Thursday, April 7, 2011

A world more disease free

Antimicrobial resistance: no action today, no cure tomorrow is a very catchy slogan but where is the real problem! Rightly enough, on the occasion of the World Health Day on 7th April 2011, in this year’s theme "Combat Drug Resistance", WHO calls for urgent and concerted action by governments, health professionals, industry and civil society and patients to slow down the spread of drug resistance, limit its impact today and preserve medical advances for future generations? But where is the real problem ?
More than half a century back the discovery and use of antimicrobial drugs to treat diseases such as leprosy, tuberculosis, gonorrhea, syphilis and many other hitherto incurable diseases changed the course of medical and human history. It is a matter of our civilizational concern that those discoveries and the generations of drugs that followed them are now at risk, as high levels of drug resistance threaten their effectiveness. Drug resistance induced through mutations is a natural biological phenomenon, through which microorganisms acquire resistance to the drugs meant to kill them. Gradually and with passing generations coupled with high reproductive rate, the microorganism carrying the resistant gene becomes ever more dominant until the drug is completely ineffective. From a biological perspective the optimal mutation rate for a species is a trade-off between costs of a high mutation rate and the metabolic costs of life maintenance systems to reduce the mutation rate, through the DNA repair enzymes. Incidentally, viruses that use RNA as their genetic material have rapid mutation rates, and as these viruses evolve rapidly they evade the defensive response of the human immune system. The rampant, improper, in discriminatory and ineffectual usage and prescription of drugs has added to the malaise in many developing countries such as India. So what are the policy recommendations by the WHO worldwide?
  • develop and implement a comprehensive, financed national plan
  • strengthen surveillance and laboratory capacity
  • ensure uninterrupted access to essential medicines of assured quality
  • regulate and promote rational use of medicines
  • enhance infection prevention and control
  • foster innovation and research and development for new tools.
The WHO Director-General Dr Margaret Chan has ominously been cited . “In the absence of urgent corrective and protective actions, the world is heading towards a post-antibiotic era, in which many common infections will no longer have a cure and, once again, kill unabated.”
It is reported by the WHO that last year, at least 440 000 new cases of multidrug resistant-tuberculosis and extensively drug-resistant tuberculosis were reported in 69 countries to date. The malaria parasite has been the cause of 225 million cases worldwide causing nearly 800,000 deaths worldwide having acquired resistance to even the latest generation of medicines, and resistant strains are limiting treatment options. Serious infections acquired in hospitals can become fatal because they are so difficult to treat as drug-resistant strains of microorganism such as those causing gonorrhea and shigella are spreading from one geographical location to another in an interconnected and globalized world. Of late instances of resistance is also emerging to the antiretroviral medicines used to treat people living with HIV. Situation in the developing world is serious as doctors and pharmacists directly prescribe and dispense the drugs, they also automatically give either the newest or best-known medicines without any cost or potency considerations.  Also many a times patients have been demanding that doctors give them antibiotics and the doctors are quick to oblige even when they may not be appropriate. Thus given the right frame of awareness and enforcement in the developing world health professionals can help rapidly reduce the spread of infection as also drug resistance.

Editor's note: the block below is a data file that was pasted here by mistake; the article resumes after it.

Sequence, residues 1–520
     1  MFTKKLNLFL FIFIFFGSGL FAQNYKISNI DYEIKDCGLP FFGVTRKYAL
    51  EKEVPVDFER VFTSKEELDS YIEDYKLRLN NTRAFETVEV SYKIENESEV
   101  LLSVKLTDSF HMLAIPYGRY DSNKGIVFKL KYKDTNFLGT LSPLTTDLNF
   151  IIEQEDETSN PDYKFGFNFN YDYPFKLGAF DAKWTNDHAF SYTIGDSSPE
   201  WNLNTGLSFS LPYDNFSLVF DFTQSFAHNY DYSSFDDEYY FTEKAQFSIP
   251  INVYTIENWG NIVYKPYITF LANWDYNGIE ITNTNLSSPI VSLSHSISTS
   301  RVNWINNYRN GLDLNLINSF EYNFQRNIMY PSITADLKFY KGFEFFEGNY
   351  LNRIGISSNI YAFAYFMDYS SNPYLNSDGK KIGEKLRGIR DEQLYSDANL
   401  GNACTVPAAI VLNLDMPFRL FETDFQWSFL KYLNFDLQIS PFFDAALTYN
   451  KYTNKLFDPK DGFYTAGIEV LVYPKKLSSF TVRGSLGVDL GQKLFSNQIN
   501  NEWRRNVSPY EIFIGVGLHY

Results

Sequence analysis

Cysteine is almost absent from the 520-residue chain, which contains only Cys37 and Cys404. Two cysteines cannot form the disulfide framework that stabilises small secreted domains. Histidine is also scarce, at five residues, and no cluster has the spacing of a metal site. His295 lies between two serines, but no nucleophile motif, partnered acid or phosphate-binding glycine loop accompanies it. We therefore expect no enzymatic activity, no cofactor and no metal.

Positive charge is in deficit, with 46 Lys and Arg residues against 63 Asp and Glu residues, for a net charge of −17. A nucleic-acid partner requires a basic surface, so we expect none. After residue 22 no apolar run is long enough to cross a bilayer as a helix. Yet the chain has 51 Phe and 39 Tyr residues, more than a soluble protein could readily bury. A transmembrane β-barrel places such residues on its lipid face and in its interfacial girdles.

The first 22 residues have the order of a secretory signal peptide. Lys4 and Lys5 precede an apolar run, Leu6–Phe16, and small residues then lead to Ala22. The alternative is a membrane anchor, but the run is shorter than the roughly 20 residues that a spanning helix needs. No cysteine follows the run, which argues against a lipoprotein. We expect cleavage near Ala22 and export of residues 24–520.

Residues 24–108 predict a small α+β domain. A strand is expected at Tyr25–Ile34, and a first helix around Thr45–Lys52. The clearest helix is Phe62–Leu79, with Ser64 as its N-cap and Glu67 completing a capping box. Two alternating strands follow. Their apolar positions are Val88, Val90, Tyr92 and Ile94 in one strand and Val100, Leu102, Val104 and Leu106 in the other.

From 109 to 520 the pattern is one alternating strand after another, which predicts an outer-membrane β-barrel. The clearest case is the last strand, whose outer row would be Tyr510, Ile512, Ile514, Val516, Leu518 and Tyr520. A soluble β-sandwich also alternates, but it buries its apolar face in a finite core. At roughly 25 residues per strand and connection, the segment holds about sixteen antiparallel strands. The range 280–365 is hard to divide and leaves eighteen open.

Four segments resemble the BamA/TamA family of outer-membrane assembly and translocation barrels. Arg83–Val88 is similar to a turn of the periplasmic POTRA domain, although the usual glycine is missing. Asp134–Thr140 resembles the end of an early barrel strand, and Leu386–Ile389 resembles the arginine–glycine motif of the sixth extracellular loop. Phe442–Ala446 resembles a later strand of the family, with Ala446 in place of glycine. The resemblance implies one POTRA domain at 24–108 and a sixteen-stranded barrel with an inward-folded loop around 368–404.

The WHO, as also the national governments have perhaps not given adequate attention to the relation between human and animal health, and the use of pesticides and fertilizers  in agriculture for food and animal production that has led to several cases of increased drug resistance. Interestingly it is reported that approximately half of current antibiotic production is used in agriculture, not only to promote growth and prevent disease but also for better quality and many of the drug resistant microbes generated in animals will sooner or later be transferred to humans.
The WHO has to ensure that national governments work closely with industry and also the civil society to bring about better awareness to the issue of overuse and misuse of antibiotics. It is reported that   less than five per cent of products in the research and development across the globe in various laboratories are antibiotic drugs. Perhaps the solution to the problem will lie in innovative incentive schemes to encourage industry to research and develop new antimicrobial drugs. But this can be brought about only by greater investment in research and development of new diagnostics and drugs that most nations particularly in the developing world can ill afford.

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